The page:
Gardening resolutions for 2018

Phyl Boyce


Phyl Boyce

Gardening resolutions for 2018

Christmas is over and the New Year is approaching. With all the excitement of the festive season, the garden is often forgotten about. But it is a great time to start making some garden resolutions for next year.

Looking back on 2017 it was another good year for the garden, the summer had occasional rain to keep plants moistened but also enough sunshine to aid growth, the mild weather of September and October extended the gardening season, the variable November and December have had both mild and chilly days. Aside from storm Ophelia which battered parts of the country, but which fortunately wasn’t as intense here in Limerick, it was a good year for trees and shrubs.

This is an ideal time to sharpen and repair lawn mowers, secateurs, shredders and other garden equipment. The seed catalogues are starting to arrive, so it is a good time to settle down in a comfortable chair and choose something new to grow in 2018. Read the descriptions carefully in order to select the right seeds for the right area of your garden. Get your order in early so you will not be disappointed if something is out of stock. Most seed suppliers are now on the web and if you want their stocks you can see the popular ones sell out very quickly.

January is a good time to do some serious garden planning. What new projects can you plan for next year? A garden pool, new herbaceous border, rock garden or start a vegetable garden. A statue or pot can be used to focus the eye on a particular spot in the garden.

Take a walk around the garden and see what needs to be improved. Make a list as you walk around and when you get back indoors mark off the most important jobs that need doing and when they should be done. Do not be surprised if the list is long, gardening is a past time that is never finished.

Use a diary to record when seeds were sown, how well they germinated and when they flowered. Make a note of any trees or shrubs planted, writing down the full name of the plant from the label on the plant and any details about soil requirement and time of flowering. It can be very useful in later years to find out the names of plants that did well.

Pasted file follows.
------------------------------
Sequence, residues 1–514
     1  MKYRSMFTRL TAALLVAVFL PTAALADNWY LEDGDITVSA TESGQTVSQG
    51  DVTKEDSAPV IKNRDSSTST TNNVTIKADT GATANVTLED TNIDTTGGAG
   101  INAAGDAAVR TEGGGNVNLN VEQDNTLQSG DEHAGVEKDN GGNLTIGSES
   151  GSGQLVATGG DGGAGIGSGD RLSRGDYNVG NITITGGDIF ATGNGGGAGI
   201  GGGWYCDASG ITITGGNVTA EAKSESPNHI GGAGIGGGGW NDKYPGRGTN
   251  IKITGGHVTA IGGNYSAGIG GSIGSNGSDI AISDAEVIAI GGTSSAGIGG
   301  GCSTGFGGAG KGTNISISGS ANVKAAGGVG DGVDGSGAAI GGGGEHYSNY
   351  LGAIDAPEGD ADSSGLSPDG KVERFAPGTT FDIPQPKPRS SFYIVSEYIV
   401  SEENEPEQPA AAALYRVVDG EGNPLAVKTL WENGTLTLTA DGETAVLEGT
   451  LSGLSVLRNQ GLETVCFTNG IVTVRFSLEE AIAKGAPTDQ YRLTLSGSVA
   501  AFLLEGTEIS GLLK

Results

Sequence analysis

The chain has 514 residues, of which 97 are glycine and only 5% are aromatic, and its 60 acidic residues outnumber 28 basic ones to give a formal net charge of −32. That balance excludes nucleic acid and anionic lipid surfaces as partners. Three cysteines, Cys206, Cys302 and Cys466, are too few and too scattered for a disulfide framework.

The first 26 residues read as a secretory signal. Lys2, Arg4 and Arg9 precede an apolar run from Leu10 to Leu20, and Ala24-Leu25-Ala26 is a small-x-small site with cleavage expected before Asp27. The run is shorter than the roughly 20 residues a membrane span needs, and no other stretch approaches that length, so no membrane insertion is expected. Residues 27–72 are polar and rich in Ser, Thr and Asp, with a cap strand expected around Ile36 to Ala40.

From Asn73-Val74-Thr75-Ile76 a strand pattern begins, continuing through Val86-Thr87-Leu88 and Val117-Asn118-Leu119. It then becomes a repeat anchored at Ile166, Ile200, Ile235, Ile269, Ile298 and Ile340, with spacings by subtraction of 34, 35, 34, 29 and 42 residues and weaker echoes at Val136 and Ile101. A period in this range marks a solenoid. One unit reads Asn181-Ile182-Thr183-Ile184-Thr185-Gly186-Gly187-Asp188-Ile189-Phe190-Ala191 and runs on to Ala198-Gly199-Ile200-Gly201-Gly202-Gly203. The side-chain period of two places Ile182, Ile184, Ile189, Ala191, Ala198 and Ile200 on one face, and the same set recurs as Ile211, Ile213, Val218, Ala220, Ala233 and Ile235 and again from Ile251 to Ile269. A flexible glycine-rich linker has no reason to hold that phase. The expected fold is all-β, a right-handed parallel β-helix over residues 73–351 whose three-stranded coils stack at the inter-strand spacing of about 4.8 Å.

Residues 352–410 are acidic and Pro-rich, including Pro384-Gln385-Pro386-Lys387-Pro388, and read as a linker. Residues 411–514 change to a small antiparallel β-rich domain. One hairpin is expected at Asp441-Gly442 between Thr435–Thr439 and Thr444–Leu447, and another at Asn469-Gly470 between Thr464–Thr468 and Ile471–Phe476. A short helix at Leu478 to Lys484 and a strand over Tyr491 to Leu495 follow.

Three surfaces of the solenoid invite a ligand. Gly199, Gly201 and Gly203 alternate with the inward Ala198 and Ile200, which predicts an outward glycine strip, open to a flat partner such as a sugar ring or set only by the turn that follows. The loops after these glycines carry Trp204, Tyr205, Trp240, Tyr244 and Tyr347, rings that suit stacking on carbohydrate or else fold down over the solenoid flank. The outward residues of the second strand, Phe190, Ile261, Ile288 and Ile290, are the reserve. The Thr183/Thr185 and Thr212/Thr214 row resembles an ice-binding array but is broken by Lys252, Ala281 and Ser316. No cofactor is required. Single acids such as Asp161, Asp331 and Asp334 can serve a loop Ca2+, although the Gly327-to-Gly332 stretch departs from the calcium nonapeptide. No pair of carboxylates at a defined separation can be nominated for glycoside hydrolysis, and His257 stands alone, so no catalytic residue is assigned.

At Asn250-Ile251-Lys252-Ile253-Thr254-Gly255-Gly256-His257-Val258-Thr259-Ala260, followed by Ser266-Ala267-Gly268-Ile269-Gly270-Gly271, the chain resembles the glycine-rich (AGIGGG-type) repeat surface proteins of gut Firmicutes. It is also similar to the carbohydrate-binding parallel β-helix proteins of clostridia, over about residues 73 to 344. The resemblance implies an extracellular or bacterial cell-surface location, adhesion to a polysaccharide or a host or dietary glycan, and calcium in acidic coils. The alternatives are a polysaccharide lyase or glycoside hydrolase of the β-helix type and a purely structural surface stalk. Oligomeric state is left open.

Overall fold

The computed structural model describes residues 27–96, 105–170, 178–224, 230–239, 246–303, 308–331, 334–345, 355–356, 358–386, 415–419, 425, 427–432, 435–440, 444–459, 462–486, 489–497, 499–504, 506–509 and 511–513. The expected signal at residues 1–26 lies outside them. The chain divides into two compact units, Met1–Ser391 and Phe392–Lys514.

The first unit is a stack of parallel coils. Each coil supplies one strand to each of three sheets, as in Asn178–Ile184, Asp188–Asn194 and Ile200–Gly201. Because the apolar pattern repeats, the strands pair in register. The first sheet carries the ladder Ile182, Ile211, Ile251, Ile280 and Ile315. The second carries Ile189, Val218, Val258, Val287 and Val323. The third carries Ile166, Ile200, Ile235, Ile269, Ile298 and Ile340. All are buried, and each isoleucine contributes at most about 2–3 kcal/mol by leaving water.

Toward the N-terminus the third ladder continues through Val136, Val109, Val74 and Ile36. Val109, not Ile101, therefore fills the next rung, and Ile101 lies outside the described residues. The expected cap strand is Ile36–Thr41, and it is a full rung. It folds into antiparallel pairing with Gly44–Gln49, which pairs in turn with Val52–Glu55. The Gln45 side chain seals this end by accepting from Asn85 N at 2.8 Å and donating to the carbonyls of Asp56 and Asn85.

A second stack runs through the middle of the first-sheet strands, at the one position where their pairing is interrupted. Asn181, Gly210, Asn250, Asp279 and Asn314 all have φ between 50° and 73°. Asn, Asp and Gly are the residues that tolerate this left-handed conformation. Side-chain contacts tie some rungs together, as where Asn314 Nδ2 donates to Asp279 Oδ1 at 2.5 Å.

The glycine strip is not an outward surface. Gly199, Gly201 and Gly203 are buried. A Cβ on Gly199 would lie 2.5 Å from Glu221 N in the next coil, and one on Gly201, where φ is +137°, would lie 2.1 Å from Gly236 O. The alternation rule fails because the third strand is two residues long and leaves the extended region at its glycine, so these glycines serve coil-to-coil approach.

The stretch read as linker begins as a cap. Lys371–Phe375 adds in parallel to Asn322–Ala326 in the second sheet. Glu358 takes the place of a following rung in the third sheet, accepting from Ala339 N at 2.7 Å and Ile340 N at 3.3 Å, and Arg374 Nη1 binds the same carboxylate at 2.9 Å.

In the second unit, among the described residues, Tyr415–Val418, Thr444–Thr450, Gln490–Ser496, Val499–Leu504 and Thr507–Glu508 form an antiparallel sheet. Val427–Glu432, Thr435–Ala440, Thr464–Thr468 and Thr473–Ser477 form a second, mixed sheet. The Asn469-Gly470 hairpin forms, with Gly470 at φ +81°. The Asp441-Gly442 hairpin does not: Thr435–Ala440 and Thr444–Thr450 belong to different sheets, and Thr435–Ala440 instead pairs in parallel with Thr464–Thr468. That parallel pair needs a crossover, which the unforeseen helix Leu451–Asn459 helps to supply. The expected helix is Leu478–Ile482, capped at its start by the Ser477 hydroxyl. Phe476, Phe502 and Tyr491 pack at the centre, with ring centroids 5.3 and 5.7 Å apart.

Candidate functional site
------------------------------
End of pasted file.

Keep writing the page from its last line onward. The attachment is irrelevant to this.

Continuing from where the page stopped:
This is the time of the year when temperatures drop down to freezing point and tender plants need some protection from the frost. We put a layer of compost around our tender plants to give them extra protection. The compost will prevent the soil around the roots freezing.

Cloches are ideal to cover plants with. In recent years any unused hanging baskets from around the garden have been converted into a home-made winter cloche that looks like the traditional Victorian bell cloches but costing a fraction of the price. Cover the hanging basket with clear plastic or cling film and attach it at the rim with double-sided tape.

Use a hairdryer to warm the plastic until all the wrinkles disappear and it fits on tight. Use wire pegs, made from a clothes hanger to anchor the cloche to the ground.

Herbaceous plant of the week

Aurum Italicum is a tuberous perennial that is a native of the Mediterranean, often found growing in the wild in Italy, Spain and Southern France. It has beautiful spear-shaped green leaves with white veins that appear in the autumn and last all over winter. In late spring it flowers with green and white bracts.

The foliage withers in the summer when spires of bright orange-red berries appear, which last until the new leaves appear again. It may be grown in herbaceous borders, under trees and shrubs and will tolerate partial shade.

Jobs for the week

January is a great month to prune most deciduous trees and shrubs. Fruit and flowering trees can be pruned now before the sap starts to rise. Do not prune spring flowering plants like forsythia or quince. These plants flower on growth produced the previous year. Take a close look at the branches of apple trees and it should be possible to identify any flower buds present. These form in clusters, called spurs, along the branches. Avoid cutting any of these away during winter pruning. Cut out any damaged, crossing or badly positioned branches and congested growth to improve air circulation around the tree to reduce diseases.

Happy New Year and Happy Gardening to all our readers.